About People (Nov, 1963)
Facts, foibles, fallacies and fascinating findings about your own and the opposite sex.
• WEATHER PARADOX Offhand you would think that on dark and dreary days people would be more likely to be late to work than in good weather, simply because such days offer little incentive to action. But oddly enough just the reverse appears to be true. Studies have found that instead of dawdling over their morning coffee and delaying their departure on bad days, both men and women get off to work more promptly than they do in fair weather. Even on rainy days they seem to anticipate the adverse driving conditions and traffic snarls and compensate for them by making an earlier start. Presumably this is because on a bad day we don’t resent working and feel that we might as well be at the office as at home. Bright sunny days, instead of stimulating people to get to work, seem to inspire them to postpone such mundane chores as earning a living. They linger longer over such last-minute pleasures as puttering in the garden, chatting with the family at the breakfast table or simply taking their time en route to work to enjoy the fresh air and the scenery.
• A REVEALING DIFFERENCE From the many studies correlating length of acquaintance with marital happiness, here’s an obscure but revealing statistic. It leaves little doubt about which sex is the most adept at sizing up the other. According to the findings of Stamford psychologist Lewis M. Terman, the happiest husbands were those who had known their wives for three or more years before marriage. The happiest wives, however, had known their husbands for about a year before marriage.
• EXTRAVAGANCE PAYS Every woman realizes the strong influence of what she wears on how she feels. But few men appear to be aware of it. However a notable exception was Hollywood producer Cecil B. DeMille, famous for his realistic and striking stage effects. An anecdote from How To Make Psychology Work for You, by Dr. Abraham P. Sperling, shows his unusual empathy. Once, when challenged about why he had spent $3000 on a lavish feminine costume when the audience would never realize it wasn’t an inexpensive imitation, he summed it up this way. “They won’t know but my actress will. Can you imagine a woman wearing three thousand dollars worth of brocade and not giving her best performance?”
• DARK HORSE MYTH For quite some time now the expression “dark horse” has been bandied around in a very misleading way. And this not only among unsuspecting laymen but even within the horsy set which should certainly know better. The proverbial dark horse, allegedly the steed that unexpectedly finishes first, simply doesn’t run true to form. For black horses just can’t stand the gaff as well as lighter colored horses. Their inferior stamina is an old story to veteran horse dealers but the reason is still a matter of speculation. The soundest seems to be that the dark color of their hides hinders heat tolerance, particularly in the more torrid climates and during such strenuous sports as flat races and steeplechases. The misnomer originated because of shady racetrack practices way back. To conceal the identity of racehorses who’d been disqualified their backers entered them in sweepstakes incognito, by painting or dyeing them as horses of another color.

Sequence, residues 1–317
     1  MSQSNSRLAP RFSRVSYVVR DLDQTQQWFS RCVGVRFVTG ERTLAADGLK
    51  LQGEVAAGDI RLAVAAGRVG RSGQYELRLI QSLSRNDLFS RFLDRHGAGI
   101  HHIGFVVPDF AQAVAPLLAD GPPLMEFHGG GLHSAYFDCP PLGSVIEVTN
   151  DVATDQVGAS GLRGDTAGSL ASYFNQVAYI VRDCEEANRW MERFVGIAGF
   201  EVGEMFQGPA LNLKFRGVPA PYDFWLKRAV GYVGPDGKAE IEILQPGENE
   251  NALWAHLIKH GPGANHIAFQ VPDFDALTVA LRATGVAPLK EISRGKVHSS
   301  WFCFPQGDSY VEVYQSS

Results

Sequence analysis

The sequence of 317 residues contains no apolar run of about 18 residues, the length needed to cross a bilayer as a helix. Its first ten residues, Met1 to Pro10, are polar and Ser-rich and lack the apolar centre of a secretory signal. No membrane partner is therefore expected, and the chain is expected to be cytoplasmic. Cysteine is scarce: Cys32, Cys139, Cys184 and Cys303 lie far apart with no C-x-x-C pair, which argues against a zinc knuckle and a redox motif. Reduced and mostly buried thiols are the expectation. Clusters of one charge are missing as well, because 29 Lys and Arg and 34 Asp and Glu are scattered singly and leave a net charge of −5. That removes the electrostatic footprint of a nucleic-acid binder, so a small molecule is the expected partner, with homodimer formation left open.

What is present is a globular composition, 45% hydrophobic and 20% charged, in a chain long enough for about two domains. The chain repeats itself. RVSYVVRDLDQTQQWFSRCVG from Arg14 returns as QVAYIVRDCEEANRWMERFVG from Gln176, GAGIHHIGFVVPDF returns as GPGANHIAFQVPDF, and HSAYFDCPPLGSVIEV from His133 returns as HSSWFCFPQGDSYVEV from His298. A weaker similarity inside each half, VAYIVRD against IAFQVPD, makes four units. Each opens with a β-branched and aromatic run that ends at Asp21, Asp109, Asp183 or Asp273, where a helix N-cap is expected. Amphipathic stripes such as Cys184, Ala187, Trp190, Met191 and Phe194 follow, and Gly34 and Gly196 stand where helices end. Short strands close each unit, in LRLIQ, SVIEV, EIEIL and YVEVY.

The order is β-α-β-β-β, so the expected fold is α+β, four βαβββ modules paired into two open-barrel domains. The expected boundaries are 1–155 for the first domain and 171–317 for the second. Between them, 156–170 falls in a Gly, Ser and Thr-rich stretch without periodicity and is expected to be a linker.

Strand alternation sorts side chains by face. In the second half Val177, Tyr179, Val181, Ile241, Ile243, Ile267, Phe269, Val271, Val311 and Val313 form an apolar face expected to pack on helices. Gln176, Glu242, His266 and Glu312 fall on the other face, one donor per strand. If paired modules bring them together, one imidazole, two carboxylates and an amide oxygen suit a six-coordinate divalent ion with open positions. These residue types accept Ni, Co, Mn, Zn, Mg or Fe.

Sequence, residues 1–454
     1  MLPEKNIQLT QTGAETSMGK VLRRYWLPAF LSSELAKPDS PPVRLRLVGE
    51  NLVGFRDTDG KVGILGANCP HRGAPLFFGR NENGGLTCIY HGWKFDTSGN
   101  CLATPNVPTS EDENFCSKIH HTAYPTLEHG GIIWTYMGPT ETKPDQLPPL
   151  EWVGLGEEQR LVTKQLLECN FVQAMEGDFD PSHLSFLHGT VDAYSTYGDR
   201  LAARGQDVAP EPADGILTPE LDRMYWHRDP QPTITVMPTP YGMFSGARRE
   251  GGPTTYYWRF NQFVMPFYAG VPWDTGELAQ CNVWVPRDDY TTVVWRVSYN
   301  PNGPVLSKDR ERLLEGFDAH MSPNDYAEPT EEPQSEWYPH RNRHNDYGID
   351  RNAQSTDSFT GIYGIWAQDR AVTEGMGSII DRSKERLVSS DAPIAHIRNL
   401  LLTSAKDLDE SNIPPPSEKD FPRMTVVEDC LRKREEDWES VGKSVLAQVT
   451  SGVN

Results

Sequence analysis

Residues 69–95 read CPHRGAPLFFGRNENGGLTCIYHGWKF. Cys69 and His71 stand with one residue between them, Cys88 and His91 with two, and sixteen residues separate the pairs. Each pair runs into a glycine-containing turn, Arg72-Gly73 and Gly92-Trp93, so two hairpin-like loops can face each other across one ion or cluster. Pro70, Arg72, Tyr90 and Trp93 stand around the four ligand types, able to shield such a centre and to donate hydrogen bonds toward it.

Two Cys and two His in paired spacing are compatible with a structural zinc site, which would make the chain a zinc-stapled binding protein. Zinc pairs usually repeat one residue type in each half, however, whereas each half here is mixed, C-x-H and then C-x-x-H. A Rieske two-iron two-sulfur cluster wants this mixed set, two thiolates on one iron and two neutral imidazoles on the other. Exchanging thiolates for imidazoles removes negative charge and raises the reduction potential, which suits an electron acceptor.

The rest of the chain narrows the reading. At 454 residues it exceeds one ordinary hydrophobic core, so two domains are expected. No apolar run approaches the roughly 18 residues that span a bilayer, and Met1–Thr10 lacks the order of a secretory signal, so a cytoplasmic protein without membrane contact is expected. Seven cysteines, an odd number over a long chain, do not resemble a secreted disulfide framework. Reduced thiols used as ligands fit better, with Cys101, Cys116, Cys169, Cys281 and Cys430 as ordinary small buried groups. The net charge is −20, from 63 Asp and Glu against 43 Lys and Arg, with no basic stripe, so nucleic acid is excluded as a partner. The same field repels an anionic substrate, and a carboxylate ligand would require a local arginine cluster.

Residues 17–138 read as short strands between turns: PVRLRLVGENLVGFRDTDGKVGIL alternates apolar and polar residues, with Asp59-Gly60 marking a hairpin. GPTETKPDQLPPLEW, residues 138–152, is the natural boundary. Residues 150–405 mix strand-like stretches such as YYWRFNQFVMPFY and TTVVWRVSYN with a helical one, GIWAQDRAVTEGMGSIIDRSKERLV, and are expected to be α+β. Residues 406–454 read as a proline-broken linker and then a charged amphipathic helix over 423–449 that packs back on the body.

• POINT OF NO RETURN Music has been used successfully to increase industrial output in just about everything from assembling radio parts to rolling cigars and firecrackers. In fact estimates are that it raises efficiency as much as 17 percent. There is no exact prescription for just what tunes accelerate what tasks but it’s generally found that those with a definite swing, such as patriotic and college songs, marches, foxtrots and polkas, are most effective. Rhythm is the key to their success. When it synchronizes with the work tempo it can speed up production. When it doesn’t it can distract from and delay it. Industries have discovered this through their own methods of trial and error. For instance when work has been keyed to waltz tempo and they’ve played a Sousa march, it has thrown the production line out of its natural pace and caused confusion. They have also found that music interspersed with conversation diverts attention. Workers break their rhythm to look up in the direction of the dialogue. But perhaps the most unpredictable reaction occurred when one plant, in an all-out drive for efficiency, piped in “Deep in The Heart of Texas,” a song with a nice easy swing to it. All went well on the assembly line until the chorus was played. Then pandemonium broke loose. The workers were so carried away by the spirit of the song that at the point where the chorus called for handclapping. they obliged automatically, dropping their tools to do so.